If you have a beloved pet, chances are you will suffer the grief of losing them someday. While it’s hard to think about, it’s important to know that studies have shown the grief from pet loss is much like our grief after human death, but the support systems that help us get through it aren’t always there. It’s crucial to our mental health to grieve pet loss properly.
Grieving the loss of unconditional love
We often have and receive feelings of unconditional love from our pets, and that’s something that’s very rare in the human world (and perhaps it should be since it’s important for people to have boundaries). It helps explain why losing a pet is so devastating and why a pet that has passed on is so irreplaceable.
It’s normal to feel guilt over just about every part of the process, and a lost pet that never returns means pet owners don’t even get the closure the rest of us do.
No matter how you lose your pet, the enormous grief you may feel is common and shouldn’t be treated as silly or inappropriate. Studies show that when we bury our grief, it can have effects on our mental and physical health. People have even been diagnosed with “broken heart syndrome” (which mimics the symptoms of a heart attack) after losing a pet.
Support is crucial to grief after pet loss
According to Scientific American (cited below), a support system can be a crucial part of healing, especially when a person feels otherwise alone in their grief. Feeling alone may be common even if many family members were part of a pet’s life because each individual person has their own relationship with an animal.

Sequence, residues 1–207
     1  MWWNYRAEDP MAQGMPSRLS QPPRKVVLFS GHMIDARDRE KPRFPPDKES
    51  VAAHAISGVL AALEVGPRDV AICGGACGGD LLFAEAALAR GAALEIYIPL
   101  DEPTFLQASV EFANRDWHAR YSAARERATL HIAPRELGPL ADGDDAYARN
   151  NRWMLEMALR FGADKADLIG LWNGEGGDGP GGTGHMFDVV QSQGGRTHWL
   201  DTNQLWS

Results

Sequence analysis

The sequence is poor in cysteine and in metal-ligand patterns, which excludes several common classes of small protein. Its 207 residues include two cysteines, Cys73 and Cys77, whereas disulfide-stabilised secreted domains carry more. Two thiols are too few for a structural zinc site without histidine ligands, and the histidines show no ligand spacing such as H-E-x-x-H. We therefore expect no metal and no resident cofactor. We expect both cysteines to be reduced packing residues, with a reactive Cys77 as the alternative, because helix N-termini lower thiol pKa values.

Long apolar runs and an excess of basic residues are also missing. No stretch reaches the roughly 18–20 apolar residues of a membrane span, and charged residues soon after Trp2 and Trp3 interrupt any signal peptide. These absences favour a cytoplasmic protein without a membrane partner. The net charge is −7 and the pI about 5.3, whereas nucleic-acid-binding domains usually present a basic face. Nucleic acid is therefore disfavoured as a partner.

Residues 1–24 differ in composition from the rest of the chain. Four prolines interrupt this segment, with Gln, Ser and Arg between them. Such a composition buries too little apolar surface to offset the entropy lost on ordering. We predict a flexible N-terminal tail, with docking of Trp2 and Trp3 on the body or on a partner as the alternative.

Without support, “we are not only robbed of invaluable support systems when our pet dies, but our own perceptions of our emotional responses are likely to add an extra layer of distress. We may feel embarrassed and even ashamed about the severity of the heartbreak we feel and, consequently, hesitate to disclose our feelings to our loved ones. That additional shame complicates the process of recovery by making it more lengthy and complex than it should be.”
Losing a pet disrupts the rhythms of our daily lives, makes our homes feel quiet and lonely and robs us of the healing effects of interacting with an animal. Requests for us to replace our pet too early feel cruel and don’t do any favors to a new “replacement” animal either (since there’s no way they can act exactly like our old pet).
The truth is, we have to feel and process our grief in order to get better, and to do that we need to feel some sense of support around us. That’s why there are now in-person and online support groups for people experiencing pet loss. — WTF fun facts